July 28th – Operation PUMA Rescue: The Saga Continues

Nancy, the PUMA Lady, writes up her notes after the morning's findings.

Nancy, the PUMA Lady, writes up her notes after the morning’s findings.


Thanks somewhat to Nancy’s helping hand but largely to their parents (who seem to have found 2 chicks easier to provide for than 4), the two Purple Martin chicks continue to….well, not thrive but….get by.

Here’s the history to date:
July 21st: when the nest was checked, one of the four had died of starvation and the other three were not doing well, one was an especially bad way.
#373 – 41.7 g.
#374 – 42.6 g.
#375 – 28.2 g.
We decided to remove the lightest two and feed them and leave the heaviest bird in the nest to see what would happen. The two birds were fed about every half hour. It was found that playing a recording of adult calls would elicit feeding behaviour from the young birds; i.e., stretching out the neck and opening the mouth. It was also noticed that while the lightest bird performed these behaviours, he was much less energetic in doing so.

July 22nd:
The birds were weighed at around 1330 (24 hours after yesterday’s weigh-in).
#373 – 41.55 g.
#374 – 41.95 g.
#375 – 28.45 g.
As #374 had lost weight we decided to remove it as well and provide supplemental feeding.

July 23rd:
The birds were weighed at 1300.
#373 – 42.55 g.
#374 – 42.60 g.
#375 – 27.3 g. (this was concerning; it subsequently died during the night)

July 24th:
The two remaining birds were weighed in the morning (0730); both had lost weight but this is a regular pattern seen in small birds: they gain weight during the day and lose it during the night when they can’t feed – the key is to get enough resources during the day to sustain them through the night.
#373 – 37.15 g.
#374 – 40.40 g.
We decided that if these birds were going to have any sort of chance to fledge we would have to return them to their nest and have the parents resume feeding them. We weren’t sure if this was going to happen and were pleasantly surprised when the adults “rediscovered” their young and began to make semi-regular feeding trips to the nest. The young were quite responsive, sitting at the opening to the nest box with mouths agape at every passerby.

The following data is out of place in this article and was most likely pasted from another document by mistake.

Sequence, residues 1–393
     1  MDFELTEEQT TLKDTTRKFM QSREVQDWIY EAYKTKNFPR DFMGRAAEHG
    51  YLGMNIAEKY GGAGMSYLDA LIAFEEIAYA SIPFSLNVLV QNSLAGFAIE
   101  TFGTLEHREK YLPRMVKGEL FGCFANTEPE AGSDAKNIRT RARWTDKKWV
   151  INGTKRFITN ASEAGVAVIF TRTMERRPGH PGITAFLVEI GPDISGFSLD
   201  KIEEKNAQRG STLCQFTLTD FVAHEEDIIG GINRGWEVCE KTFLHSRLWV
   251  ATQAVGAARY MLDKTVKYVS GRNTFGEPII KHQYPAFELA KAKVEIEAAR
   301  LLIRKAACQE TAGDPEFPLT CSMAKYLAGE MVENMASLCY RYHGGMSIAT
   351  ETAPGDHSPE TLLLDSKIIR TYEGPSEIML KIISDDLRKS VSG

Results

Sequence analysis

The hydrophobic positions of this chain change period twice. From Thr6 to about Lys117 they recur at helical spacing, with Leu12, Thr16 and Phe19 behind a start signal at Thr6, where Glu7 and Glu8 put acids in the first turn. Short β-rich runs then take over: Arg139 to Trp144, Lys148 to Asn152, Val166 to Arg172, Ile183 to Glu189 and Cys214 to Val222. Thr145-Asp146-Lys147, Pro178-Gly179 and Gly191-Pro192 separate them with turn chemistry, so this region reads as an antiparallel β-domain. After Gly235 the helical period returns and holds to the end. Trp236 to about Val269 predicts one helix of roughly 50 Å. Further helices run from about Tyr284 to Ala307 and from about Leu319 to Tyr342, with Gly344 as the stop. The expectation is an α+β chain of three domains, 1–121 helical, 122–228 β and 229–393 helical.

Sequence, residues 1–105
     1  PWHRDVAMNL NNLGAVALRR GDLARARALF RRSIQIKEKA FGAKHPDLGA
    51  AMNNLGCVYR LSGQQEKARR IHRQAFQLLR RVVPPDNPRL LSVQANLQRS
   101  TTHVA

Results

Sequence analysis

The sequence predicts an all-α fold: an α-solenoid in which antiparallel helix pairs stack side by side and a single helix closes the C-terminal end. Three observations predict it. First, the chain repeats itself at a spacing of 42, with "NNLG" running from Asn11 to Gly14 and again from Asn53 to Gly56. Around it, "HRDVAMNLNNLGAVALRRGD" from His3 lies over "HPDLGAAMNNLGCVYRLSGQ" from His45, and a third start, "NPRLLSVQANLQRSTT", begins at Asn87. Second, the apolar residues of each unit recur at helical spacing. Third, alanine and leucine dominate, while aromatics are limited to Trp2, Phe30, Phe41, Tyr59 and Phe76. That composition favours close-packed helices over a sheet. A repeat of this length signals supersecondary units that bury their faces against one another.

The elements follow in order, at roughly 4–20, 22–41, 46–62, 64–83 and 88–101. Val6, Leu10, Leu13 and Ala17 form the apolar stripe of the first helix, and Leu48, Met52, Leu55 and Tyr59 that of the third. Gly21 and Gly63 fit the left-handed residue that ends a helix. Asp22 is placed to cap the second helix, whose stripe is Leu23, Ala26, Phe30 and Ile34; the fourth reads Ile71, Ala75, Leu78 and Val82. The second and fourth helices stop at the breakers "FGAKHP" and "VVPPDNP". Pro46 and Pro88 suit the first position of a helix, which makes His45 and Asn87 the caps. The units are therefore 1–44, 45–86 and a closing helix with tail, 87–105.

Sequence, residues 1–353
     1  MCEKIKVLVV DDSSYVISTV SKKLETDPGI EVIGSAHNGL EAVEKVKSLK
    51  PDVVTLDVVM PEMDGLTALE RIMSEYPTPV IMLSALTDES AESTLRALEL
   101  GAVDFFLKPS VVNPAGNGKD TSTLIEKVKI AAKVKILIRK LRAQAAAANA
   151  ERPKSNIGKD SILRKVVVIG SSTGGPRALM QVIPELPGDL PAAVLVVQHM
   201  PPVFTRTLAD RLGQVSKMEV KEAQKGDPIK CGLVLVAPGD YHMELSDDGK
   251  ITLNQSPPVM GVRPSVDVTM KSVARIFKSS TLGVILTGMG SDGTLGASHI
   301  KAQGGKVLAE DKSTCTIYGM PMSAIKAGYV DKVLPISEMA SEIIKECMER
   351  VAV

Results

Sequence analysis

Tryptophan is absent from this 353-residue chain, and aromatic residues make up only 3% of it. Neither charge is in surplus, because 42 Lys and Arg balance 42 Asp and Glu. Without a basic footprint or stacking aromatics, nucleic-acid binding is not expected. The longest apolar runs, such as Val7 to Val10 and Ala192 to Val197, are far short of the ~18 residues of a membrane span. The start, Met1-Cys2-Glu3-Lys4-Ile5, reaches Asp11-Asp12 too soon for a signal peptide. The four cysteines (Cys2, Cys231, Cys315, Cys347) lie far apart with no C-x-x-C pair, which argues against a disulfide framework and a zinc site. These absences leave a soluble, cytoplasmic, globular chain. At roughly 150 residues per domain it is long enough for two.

July 25th: weighed at 1030.
#373 – 38.10 g.
#373 – 41.45 g.

July 26th: weighed at 1730.
#373 – 45.15 g.
#374 – 50.35 g.
This represented a significant weight gain for these two youngsters.

July 27th:
We weighed the young birds twice today; you will see the fluctuation that they go through during the course of a day.
@0830:
#373 – 42.30 g.
#374 – 45.75 g.

@1745:
#373 – 47.35 g.
#374 – 53.80 g.
At the time of the second weighing Nancy noticed that the nest was infested with blowfly larvae (slug-looking things that attach themselves to the young birds and suck their blood) and feather mites. Both take an energetic toll on the well-being of the birds so we decided to change the nesting material. The old nest was discarded and Nancy put in a mixture of grass clippings and wood ships.

The considerable weight gain they experienced during the day would stand them in good stead through the night. We experienced a lengthy thunderstorm with strong north winds (blowing right into their nest box), heavy rain, and a drop in temperature. So I wasn’t sure what we would find when we went to weigh them this morning @ 0930.
#373 – 43.40 g.
#374 – 46.10 g.
They had lost weight from the previous day but still weighed more than they had the previous morning. Further, there was no sign of any parasites.

It will still be touch and go for the next couple of weeks but….if they can continue to put on weight and the weather stays relatively benign and their parents don’t desert them (and continue to provision them) then they have a good chance of fledging. I wonder if we’ll see them next year.
Rick

1 thought on “July 28th – Operation PUMA Rescue: The Saga Continues

  1. Good work Nancy! Would you consider a PUMA feeder to feed the adults, and then they could feed the young? I have heard of Martin landlords that have had success during times of stress. The PUMA need to be trained to take meal worms and scrambled eggs from a platform, there are lots of information and videos on how to set up on line. Just a thought.
    Loretta

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